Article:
“I want people to stop and reflect on the death war has caused Americans, and the death incurred on foreigners. The expense of war, in both dollars and lives, is too great.”
Besides, most Americans are unclear what the push for war with Iraq is even about, says Liberman.
“There’s a mass blur. Some people think its about weapons inspection. Others think its about 9/11. It’s not. It’s really partly about oil.”
Admission to the teach-in is free, but reservations are suggested to assure available seating.
Reservations, (310) 203-1542
Reflecting the Concerns of the Community
November 6 – 12, 2002 Vol. 4, Issue 21
Santa Monica Mirror
Friday, November 8, 2002
Coffee House Teach-Ins Continue
Celebrated author and anti-war activist Ron Kovic, the central figure in the film, Born On the Fourth of July, will speak at the third event sponsored by the Coffee House Teach-In Project.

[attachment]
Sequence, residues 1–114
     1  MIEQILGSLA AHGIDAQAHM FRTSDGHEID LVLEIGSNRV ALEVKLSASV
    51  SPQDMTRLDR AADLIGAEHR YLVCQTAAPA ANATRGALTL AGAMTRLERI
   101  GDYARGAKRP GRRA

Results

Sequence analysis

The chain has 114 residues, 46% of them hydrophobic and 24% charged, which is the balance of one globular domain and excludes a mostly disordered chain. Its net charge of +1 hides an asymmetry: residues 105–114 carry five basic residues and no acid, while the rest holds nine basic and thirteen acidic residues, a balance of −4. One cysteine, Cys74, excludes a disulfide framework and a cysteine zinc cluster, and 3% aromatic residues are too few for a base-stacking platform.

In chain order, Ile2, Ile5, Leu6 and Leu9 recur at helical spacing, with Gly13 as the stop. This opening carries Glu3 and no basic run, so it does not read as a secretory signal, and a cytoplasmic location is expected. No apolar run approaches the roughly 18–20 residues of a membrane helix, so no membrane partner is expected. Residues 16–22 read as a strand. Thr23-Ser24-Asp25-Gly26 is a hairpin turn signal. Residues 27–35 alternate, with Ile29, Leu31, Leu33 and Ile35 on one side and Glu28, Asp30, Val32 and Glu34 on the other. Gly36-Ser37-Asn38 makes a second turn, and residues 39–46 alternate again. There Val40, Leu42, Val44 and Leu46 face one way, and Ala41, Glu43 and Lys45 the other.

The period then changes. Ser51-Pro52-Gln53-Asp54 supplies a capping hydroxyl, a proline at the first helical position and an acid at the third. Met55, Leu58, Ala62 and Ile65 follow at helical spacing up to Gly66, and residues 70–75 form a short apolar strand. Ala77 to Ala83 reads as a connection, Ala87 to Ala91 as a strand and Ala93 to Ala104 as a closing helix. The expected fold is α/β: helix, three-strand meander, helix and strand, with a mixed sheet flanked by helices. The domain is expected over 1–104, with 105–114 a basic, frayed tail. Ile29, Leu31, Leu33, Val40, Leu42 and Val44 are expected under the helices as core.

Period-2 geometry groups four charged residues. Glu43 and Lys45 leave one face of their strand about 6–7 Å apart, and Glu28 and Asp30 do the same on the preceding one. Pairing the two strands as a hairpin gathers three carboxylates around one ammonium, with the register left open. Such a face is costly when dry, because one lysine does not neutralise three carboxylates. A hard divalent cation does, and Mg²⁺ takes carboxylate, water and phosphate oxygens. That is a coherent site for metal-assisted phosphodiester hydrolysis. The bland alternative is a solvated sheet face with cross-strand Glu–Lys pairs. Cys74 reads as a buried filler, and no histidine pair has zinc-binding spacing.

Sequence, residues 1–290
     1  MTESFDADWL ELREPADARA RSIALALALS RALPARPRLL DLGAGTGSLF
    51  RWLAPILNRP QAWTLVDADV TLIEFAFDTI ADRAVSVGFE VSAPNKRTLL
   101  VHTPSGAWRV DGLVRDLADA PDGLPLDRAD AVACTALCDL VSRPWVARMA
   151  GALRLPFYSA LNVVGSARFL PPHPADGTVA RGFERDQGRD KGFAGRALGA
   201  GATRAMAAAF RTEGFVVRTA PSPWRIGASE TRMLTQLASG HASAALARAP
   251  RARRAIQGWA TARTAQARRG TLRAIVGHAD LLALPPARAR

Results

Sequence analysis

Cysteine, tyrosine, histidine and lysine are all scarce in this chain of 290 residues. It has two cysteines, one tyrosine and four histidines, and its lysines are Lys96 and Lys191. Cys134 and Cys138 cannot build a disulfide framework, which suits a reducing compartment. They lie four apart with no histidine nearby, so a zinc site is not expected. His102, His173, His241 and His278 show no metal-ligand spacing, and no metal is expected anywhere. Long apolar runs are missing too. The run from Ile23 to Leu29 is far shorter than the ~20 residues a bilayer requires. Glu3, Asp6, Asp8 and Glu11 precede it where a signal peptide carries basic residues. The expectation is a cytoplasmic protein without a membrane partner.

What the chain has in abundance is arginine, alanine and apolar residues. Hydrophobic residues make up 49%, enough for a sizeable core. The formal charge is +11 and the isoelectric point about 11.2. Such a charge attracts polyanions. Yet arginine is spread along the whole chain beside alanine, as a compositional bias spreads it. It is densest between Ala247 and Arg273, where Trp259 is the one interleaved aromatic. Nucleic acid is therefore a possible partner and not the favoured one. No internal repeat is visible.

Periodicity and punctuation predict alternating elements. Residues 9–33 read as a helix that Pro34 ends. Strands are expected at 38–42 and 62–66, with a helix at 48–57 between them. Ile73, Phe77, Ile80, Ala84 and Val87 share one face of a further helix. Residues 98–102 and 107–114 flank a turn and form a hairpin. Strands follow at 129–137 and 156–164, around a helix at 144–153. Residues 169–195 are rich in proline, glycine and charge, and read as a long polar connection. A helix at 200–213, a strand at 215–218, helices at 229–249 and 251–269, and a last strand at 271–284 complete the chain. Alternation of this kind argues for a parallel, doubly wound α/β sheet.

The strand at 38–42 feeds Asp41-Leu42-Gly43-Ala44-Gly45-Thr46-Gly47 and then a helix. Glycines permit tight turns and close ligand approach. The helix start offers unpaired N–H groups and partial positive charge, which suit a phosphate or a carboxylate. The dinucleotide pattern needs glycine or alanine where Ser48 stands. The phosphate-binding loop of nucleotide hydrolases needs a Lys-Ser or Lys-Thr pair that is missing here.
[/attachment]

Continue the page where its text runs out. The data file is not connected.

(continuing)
It’s scheduled for Monday night, November 11, Veteran’s Day, at Mani’s Bakery, 2507 Main Street in Santa Monica.
Also on the Monday roster are people who have recently visited in Iraq, and organizer Eisha Mason, of the Center for the Advancement of Non-Violence. In addition, Stephen Fiske will sing some of his new songs for peace and stage some guerilla theater dramatizing the threats Americans face at home while the nation fights wars overseas.